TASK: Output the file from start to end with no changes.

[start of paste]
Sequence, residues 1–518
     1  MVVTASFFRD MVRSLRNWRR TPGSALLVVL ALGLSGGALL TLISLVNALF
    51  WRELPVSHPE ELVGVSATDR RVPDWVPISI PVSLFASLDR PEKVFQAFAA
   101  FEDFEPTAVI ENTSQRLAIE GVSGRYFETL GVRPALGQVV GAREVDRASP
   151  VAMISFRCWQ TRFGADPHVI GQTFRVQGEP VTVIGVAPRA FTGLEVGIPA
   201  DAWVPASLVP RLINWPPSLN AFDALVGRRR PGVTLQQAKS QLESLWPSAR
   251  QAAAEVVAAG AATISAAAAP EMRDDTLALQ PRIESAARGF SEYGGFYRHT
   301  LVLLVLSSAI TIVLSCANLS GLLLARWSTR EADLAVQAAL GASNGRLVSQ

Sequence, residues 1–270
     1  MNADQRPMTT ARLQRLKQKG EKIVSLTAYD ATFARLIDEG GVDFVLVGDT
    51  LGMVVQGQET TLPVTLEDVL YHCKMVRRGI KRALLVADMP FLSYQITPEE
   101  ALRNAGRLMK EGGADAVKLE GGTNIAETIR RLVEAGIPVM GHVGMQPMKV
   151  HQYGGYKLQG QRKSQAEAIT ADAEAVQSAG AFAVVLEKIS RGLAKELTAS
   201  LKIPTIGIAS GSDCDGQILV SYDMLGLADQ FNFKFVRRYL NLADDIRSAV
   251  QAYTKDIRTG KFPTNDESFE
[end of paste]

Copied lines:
Sequence, residues 1–518
     1  MVVTASFFRD MVRSLRNWRR TPGSALLVVL ALGLSGGALL TLISLVNALF
    51  WRELPVSHPE ELVGVSATDR RVPDWVPISI PVSLFASLDR PEKVFQAFAA
   101  FEDFEPTAVI ENTSQRLAIE GVSGRYFETL GVRPALGQVV GAREVDRASP
   151  VAMISFRCWQ TRFGADPHVI GQTFRVQGEP VTVIGVAPRA FTGLEVGIPA
   201  DAWVPASLVP RLINWPPSLN AFDALVGRRR PGVTLQQAKS QLESLWPSAR
   251  QAAAEVVAAG AATISAAAAP EMRDDTLALQ PRIESAARGF SEYGGFYRHT
   301  LVLLVLSSAI TIVLSCANLS GLLLARWSTR EADLAVQAAL GASNGRLVSQ

Sequence, residues 1–270
     1  MNADQRPMTT ARLQRLKQKG EKIVSLTAYD ATFARLIDEG GVDFVLVGDT
    51  LGMVVQGQET TLPVTLEDVL YHCKMVRRGI KRALLVADMP FLSYQITPEE
   101  ALRNAGRLMK EGGADAVKLE GGTNIAETIR RLVEAGIPVM GHVGMQPMKV
   151  HQYGGYKLQG QRKSQAEAIT ADAEAVQSAG AFAVVLEKIS RGLAKELTAS
   201  LKIPTIGIAS GSDCDGQILV SYDMLGLADQ FNFKFVRRYL NLADDIRSAV
   251  QAYTKDIRTG KFPTNDESFE